Tuning in to the end of radio’s golden age, 50 years ago

Orson Welles delivers a radio broadcast from a New York studio in 1938.
Orson Welles delivers a radio broadcast from a New York studio in 1938. (Associated Press)

Insurance investigator Johnny Dollar solved his last case exactly 50 years ago today. Hardly anyone in America noticed; they were too busy watching television.

On Sept. 30, 1962, “Yours Truly, Johnny Dollar” ended a 13-year run on the CBS Radio Network. It was also the last day for “Suspense,” an acclaimed series of mystery stories that had run for 20 years. And that was that. The Golden Age of Radio had ended. “Johnny Dollar” and “Suspense” were the last two shows from an era that had spanned 40 years, in which drama, comedy, and variety shows filled the radio airwaves and couch potatoes lounged before a speaker instead of a picture tube.


“In technical terms, it was the first mass media in America,” said Steve Darnall, a Chicagoan who hosts the Internet show “Radio’s Golden Age” and publishes the magazine Nostalgia Digest. Nationwide networks like CBS and the NBC aired the same programs to radio listeners across the nation, helping to create a unified national culture. Millions of people from Alabama to Oregon tuned in to Amos ’N Andy, Fibber McGee, Orson Welles, and other beloved entertainers. “With the dawn of the radio network, it was possible for all these states and all these towns . . . to share the same experience,” Darnall said.

Just as important, radio established the template for all future broadcast entertainment. Virtually all the types of television programming we now take for granted were actually invented to sell home radio receivers, and to keep listeners tuning in. “The sitcom, the drama, the variety show, the soap opera, all of those stemmed from the efforts of early radio programmers to create something that would attract listeners.” said Michael C. Keith, professor of communications at Boston College and author of multiple books on broadcasting.

In the 1920s, just as radio sets were becoming commonplace in American homes, radio stations mostly served up live music performances — the recording technology of the time was awful — interspersed with news reports or perhaps the occasional literary reading or religious sermon. But the operators of WGY, a radio station in Schenectady, N.Y., realized they could do a great deal more. On August 2, 1922, WGY broadcast “The Wolf,” an obscure drama by a forgotten playwright, Eugene Walter. It was a major success, and soon radio stations across the country were doing the same. By staging dramas and comedies on a regular schedule, broadcasters could keep listeners coming back. And the broadcasters would earn their keep by transmitting advertisements to those listeners, ads paid for by local businesses eager to sell their wares to the radio audience.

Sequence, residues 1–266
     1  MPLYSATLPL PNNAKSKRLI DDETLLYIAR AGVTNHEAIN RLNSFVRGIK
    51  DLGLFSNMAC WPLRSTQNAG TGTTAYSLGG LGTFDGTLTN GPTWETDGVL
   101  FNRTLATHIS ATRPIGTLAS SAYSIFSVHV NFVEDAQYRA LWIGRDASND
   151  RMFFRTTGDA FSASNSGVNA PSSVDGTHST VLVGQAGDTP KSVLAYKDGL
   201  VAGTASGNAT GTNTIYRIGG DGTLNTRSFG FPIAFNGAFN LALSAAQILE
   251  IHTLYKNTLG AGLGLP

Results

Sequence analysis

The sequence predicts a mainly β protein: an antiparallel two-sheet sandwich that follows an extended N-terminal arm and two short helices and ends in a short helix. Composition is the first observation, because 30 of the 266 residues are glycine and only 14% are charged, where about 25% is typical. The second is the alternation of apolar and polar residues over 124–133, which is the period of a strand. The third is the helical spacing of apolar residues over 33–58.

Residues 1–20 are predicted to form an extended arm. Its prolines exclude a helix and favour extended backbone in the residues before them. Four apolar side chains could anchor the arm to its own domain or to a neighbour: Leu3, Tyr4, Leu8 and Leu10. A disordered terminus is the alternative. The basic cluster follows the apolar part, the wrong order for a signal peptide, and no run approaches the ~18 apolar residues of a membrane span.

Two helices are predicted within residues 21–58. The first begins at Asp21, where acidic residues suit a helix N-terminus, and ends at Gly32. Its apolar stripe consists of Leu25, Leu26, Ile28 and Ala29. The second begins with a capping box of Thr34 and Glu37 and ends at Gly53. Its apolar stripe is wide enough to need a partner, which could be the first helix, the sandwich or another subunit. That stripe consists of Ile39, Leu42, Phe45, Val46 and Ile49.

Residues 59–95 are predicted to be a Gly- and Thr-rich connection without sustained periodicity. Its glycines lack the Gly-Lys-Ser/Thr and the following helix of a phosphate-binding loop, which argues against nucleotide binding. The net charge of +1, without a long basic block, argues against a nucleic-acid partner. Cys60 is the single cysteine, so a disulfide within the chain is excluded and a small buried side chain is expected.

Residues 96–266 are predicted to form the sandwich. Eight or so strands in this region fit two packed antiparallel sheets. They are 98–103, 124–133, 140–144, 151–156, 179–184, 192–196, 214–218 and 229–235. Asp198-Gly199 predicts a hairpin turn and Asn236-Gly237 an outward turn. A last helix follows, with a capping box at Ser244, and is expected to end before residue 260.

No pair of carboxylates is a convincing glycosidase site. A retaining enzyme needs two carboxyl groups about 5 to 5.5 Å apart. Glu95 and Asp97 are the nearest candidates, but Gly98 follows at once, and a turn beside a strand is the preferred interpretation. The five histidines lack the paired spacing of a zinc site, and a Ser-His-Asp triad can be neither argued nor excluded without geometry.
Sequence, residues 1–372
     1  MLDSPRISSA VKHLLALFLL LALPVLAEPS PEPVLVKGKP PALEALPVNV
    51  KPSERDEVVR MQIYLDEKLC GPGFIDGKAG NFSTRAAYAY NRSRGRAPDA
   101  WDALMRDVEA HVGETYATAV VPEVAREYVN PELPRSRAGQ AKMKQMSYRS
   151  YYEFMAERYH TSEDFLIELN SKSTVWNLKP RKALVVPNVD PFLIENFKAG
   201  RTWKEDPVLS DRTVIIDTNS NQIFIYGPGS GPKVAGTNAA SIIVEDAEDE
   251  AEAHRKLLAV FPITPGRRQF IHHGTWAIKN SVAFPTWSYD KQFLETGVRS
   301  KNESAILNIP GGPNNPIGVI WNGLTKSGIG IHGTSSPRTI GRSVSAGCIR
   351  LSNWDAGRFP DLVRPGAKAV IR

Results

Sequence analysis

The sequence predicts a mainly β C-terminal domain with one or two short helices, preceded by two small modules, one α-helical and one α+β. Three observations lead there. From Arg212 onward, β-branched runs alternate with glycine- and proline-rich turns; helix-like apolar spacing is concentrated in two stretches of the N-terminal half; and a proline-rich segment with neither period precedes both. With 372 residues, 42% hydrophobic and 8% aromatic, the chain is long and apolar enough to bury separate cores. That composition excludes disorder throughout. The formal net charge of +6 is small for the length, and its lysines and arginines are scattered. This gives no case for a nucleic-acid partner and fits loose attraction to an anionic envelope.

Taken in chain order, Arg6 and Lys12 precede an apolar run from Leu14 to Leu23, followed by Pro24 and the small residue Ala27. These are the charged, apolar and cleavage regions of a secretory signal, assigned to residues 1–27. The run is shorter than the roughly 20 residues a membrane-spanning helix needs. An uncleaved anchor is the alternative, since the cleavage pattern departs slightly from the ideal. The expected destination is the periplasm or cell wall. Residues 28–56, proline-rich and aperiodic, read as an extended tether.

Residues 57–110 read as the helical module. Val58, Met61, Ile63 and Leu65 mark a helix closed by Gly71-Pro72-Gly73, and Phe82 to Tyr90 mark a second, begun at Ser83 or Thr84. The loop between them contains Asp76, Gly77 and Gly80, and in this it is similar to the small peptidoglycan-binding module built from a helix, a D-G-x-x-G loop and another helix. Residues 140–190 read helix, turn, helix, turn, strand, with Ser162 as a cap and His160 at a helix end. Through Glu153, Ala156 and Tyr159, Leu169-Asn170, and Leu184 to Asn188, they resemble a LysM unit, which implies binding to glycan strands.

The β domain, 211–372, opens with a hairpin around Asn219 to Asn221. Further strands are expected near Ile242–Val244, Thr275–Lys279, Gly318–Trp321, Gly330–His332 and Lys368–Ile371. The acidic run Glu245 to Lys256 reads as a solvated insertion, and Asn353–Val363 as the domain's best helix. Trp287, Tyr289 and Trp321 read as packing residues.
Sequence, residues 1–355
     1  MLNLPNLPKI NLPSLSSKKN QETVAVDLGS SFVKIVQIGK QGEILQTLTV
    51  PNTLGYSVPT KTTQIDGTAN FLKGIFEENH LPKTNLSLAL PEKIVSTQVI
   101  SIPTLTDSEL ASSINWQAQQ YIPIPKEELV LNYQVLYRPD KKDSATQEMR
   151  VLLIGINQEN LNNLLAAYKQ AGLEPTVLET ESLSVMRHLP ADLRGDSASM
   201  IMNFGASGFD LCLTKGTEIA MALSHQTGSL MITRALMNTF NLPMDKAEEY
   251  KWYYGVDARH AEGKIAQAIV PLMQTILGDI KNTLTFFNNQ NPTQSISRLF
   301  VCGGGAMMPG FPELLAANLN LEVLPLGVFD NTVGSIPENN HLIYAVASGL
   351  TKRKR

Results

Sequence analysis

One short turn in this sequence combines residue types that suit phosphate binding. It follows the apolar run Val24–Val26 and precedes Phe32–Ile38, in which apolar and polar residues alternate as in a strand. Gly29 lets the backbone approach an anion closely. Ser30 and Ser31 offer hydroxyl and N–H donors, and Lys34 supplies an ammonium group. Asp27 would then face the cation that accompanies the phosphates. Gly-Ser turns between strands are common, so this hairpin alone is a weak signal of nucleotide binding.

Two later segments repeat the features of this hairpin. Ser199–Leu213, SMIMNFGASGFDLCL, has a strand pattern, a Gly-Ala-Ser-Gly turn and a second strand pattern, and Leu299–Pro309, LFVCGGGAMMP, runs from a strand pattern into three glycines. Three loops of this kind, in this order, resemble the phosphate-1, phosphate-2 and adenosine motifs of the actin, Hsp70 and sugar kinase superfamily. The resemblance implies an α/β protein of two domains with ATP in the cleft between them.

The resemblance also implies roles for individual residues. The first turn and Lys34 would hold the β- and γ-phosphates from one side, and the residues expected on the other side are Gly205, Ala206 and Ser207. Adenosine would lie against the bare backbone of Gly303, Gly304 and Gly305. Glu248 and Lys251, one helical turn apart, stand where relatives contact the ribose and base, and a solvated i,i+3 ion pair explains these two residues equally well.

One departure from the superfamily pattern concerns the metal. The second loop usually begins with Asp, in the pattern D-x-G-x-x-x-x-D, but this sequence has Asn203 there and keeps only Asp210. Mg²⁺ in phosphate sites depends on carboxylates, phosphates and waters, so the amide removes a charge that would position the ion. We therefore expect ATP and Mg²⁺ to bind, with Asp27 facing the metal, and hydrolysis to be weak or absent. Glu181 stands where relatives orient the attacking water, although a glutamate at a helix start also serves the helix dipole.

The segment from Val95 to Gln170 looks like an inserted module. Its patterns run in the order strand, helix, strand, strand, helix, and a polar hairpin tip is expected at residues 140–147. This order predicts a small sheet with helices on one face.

It was a superb business model for individual stations, and even better for the nationwide networks like CBS and NBC. These broadcasting giants earned lavish profits, reinvesting much of it in high-quality programs. The best shows featured first-rate scripts and excellent acting. Today’s Hollywood stars rarely appear on TV shows, but shows like “Suspense” routinely featured the biggest box-office giants of the day, including Henry Fonda, James Cagney, Humphrey Bogart, and Cary Grant.

At its best, classic radio was rich, diverse, and wonderfully entertaining. It was also doomed. Experiments in commercial television, put on hold by the outbreak of World War II, resumed in the wake of the conflict. By the late 1940s, commercial TV broadcasts had begun in the United States. By 1954, half of all US homes had a TV set.


The combination of sound and image was irresistible to audiences and advertisers. While radio dramas and comedies continued, the big money shifted to TV. “The star power from radio began to fade away,” said Darnall. “There was diminished money, there was diminished interest.” As the best writers and actors moved to television production, the number and quality of radio dramas and comedy shows began to decline. It wasn’t a total collapse: Shows like “Johnny Dollar” and the popular Western “Gunsmoke” retained a high standard of writing and acting. But the end was at hand. One by one, legendary radio shows faded from the air, with “Suspense” and “Johnny Dollar” the last to fall.

Thousands of episodes of the old shows are still available, partly because the US military recorded and redistributed many of them for troops deployed overseas. Anybody with an Internet connection can find the recordings at websites like

Given the rise of podcasts and audiobooks, have popular tastes for audio drama and comedy simply shifted to new platforms? It’s not the same, said Keith, who thinks that modern audiences lack the imagination to appreciate the style of golden-age radio. “When we lost radio drama and other genres, what we lost was our capacity to construct images in our head,” Keith said. “Television’s not demanding; we plop down on our La-Z-Boy and stare at the screen.” So even if Johnny Dollar came out of retirement, we probably wouldn’t notice.


Hiawatha Bray can be reached at